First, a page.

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Will Madison be our Cairo?

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[Leaving this stick again. Readers, please post updates in comments. --lambert]

[Readers, Votermom asks What can we do? Please post numbers to call, things to do in the comments. Thanks! --lambert]

You won't find it on its front page section "Protests for Democracy", but CNN is reporting that 15 more school districts will close today [#104] as teachers make their way to Madison, WI to join the protest against Gov. Walker's anti union bill. Wisconsin teachers call in sick

At least 15 school systems in Wisconsin canceled Thursday's classes because teachers and other public employees will continue protests at the state Capitol over a bill that would strip them of most of their collective bargaining rights and increase their contributions for benefits.

From MSNBC we get a report noting some Green Bay Packers weighing in: Madison protests

"As a publicly owned team we wouldn't have been able to win the Super Bowl without the support of our fans," reads a statement signed by seven current and former players. "It is the same dedication of our public workers every day that makes Wisconsin run. They are the teachers, nurses and child care workers who take care of us and our families. But now in an unprecedented political attack Governor Walker is trying to take away their right to have a voice and bargain at work."

I heard a trucker on a show on Sirius Left radio say he was disconnecting his trailer and taking his cab and driving from Kentucky to Madison to join the protests over union busting.

Will Madison be our Cairo?

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Submitted by Lex on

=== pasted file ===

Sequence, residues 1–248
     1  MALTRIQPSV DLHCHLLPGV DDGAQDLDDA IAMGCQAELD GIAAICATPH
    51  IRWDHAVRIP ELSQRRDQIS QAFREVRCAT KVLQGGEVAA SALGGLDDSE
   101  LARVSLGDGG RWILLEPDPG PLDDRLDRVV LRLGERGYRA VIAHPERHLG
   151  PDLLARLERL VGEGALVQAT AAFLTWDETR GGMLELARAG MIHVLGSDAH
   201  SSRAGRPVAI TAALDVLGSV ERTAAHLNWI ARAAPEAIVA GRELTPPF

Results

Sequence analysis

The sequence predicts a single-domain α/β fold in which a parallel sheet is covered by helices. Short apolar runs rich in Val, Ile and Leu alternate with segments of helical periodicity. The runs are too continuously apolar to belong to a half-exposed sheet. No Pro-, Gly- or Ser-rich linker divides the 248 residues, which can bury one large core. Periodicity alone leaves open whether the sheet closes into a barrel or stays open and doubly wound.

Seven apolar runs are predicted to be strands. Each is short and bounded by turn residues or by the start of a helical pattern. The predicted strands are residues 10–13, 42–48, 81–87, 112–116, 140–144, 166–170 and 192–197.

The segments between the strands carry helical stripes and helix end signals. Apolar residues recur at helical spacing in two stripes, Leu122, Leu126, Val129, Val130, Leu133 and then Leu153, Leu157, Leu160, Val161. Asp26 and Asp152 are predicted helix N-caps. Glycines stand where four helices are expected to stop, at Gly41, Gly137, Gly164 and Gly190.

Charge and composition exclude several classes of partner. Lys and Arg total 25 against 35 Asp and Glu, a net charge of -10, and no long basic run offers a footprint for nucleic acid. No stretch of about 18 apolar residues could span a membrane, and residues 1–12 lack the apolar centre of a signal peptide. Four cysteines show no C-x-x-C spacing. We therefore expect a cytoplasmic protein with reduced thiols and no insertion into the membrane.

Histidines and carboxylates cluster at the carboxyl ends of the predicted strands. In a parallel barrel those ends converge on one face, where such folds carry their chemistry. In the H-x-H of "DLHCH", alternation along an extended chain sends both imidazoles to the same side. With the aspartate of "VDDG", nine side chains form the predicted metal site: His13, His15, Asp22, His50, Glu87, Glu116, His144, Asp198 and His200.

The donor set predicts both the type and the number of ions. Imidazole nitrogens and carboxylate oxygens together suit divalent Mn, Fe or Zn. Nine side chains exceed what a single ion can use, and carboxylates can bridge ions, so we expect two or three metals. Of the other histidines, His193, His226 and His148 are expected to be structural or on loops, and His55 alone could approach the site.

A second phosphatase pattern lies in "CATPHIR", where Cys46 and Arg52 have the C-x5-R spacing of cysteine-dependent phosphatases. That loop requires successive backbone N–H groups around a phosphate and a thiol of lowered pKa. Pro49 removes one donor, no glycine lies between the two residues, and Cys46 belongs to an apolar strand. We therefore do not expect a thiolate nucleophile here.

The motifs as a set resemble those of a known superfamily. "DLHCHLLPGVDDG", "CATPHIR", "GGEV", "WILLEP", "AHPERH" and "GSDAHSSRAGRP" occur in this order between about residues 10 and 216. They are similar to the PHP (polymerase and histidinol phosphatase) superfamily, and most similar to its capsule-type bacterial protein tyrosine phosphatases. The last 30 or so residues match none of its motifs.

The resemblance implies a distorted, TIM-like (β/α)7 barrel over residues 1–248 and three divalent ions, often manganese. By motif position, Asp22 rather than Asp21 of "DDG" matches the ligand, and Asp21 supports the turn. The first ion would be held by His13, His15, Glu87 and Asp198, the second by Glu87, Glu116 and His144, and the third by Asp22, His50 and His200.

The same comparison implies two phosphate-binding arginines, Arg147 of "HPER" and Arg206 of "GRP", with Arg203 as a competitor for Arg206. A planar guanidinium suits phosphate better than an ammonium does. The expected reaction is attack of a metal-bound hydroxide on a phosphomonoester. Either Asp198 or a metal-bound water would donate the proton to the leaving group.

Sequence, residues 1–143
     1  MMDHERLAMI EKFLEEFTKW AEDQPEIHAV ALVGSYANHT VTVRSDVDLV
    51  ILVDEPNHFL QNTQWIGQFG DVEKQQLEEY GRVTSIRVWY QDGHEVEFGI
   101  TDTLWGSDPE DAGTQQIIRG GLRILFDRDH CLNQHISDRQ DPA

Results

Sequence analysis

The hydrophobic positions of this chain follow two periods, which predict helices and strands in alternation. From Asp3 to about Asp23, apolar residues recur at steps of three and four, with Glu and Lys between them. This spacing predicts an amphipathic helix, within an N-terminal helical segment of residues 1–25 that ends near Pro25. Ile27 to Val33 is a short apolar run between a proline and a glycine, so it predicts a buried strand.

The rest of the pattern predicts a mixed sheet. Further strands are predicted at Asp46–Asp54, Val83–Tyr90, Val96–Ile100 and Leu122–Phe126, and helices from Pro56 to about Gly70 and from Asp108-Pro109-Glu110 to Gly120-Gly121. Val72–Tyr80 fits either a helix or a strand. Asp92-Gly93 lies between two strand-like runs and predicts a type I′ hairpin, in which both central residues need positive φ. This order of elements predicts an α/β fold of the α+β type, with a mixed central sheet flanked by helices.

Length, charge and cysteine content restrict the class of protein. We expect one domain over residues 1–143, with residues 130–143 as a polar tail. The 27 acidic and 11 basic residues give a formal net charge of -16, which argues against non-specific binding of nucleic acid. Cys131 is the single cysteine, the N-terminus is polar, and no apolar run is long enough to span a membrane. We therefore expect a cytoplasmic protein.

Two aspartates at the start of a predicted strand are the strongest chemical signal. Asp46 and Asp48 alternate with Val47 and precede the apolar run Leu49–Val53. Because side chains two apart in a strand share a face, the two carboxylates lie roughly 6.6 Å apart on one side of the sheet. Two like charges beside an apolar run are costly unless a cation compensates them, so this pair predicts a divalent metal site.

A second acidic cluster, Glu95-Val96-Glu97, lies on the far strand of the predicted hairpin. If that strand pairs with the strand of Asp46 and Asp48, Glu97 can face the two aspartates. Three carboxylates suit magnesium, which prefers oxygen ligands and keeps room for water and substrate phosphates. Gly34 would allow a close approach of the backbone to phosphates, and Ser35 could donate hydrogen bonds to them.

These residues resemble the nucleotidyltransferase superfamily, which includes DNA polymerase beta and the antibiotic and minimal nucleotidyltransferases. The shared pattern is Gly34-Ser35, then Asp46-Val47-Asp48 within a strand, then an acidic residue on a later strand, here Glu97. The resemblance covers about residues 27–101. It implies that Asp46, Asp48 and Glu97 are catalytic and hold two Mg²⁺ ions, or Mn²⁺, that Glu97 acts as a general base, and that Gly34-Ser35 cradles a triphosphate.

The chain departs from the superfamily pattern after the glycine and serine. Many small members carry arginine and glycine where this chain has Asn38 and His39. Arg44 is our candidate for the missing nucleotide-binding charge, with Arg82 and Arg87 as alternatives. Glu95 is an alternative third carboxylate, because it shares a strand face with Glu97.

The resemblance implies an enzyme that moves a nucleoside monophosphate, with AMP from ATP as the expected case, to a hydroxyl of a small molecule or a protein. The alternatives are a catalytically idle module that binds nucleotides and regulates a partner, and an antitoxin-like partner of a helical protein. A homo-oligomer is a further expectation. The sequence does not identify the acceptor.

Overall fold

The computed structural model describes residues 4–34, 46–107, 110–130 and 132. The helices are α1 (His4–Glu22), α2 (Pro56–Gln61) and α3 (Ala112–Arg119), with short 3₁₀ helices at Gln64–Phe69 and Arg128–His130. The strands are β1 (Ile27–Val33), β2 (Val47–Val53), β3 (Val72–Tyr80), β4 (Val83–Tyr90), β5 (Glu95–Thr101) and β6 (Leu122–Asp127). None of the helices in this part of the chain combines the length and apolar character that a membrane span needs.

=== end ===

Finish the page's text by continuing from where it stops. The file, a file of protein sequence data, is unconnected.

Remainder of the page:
that is, of course, being studiously ignored by American media.

From what i've read, there's no actual budgetary reason for this. It's union busting plain and simple, and the WI governor is ready to use the national guard to break the unions/replace the union workers.

That's right, he's talking about mobilizing the national guard to take over the work of public employees...and yet nobody's crying "Socialism! Socialism!" over that plan.

Here's to the union workers in WI who may actually understand that more than a century of labor organizing is in terrible danger and they're the ones on the front line.

Also, interesting about the trucker. I talk to a fair number of them and they're often really upset about labor issues. Unfortunately they're mostly independent, but should they ever get together and fight, they're the ones most likely to bring America to its knees in a week or less by strike. (And nobody gets in a truck and drives it around quickly, so scabs aren't even a possibility...)

“Don’t believe them, don’t fear them, don’t ask anything of them” - Aleksandr Solzhenitsyn

Submitted by MontanaMaven on

But believes in unions and called for other truckers to join him.

And yes, Anderson Cooper et al should get to Madison. I'm going to be checking flights myself.

Politics is the art of looking for trouble, finding it everywhere, diagnosing it incorrectly and applying the wrong remedies.
Groucho Marx

Submitted by lambert on

Radio?

First they ignore you, then they ridicule you, then they fight you, then you win. -- Mahatma Gandhi

Submitted by regulararmyfool on

Much more importantly, he has the Koch brothers funding the experiment in how to destroy unions. They bought his seat and the Republican legislators for chump change. That is all it is, just another Koch experiment. They run a lot of experiments to see how much they can get away with.

When they own the legislatures, the tea party, and cooperate with Murdock and the propaganda people, they try to go as far as possible as fast as possible.

Just plain evil trash that should be arrested and sent to Gitmo to be questioned about their treasonable activities and all of their co terrorists. Then be tried under the RICO laws and have all asset seized.

These people have no rights, they only have money. Break them and the gridlock in politics will soon unravel as more of the conspirators are off to the pen and bankruptcy.

Not going to happen, Obama is too big of a coward to even think of doing the right thing. He will order American civilian's murdered but he hasn't got the guts to take on his fellow criminals.

With the blatantly unconstitutional Patriot Act, he could order the arrest and incarceration of hundreds of co conspirators just in politics, much less the gangsters in banking and insurance. No charges filed, just incarceration and torture.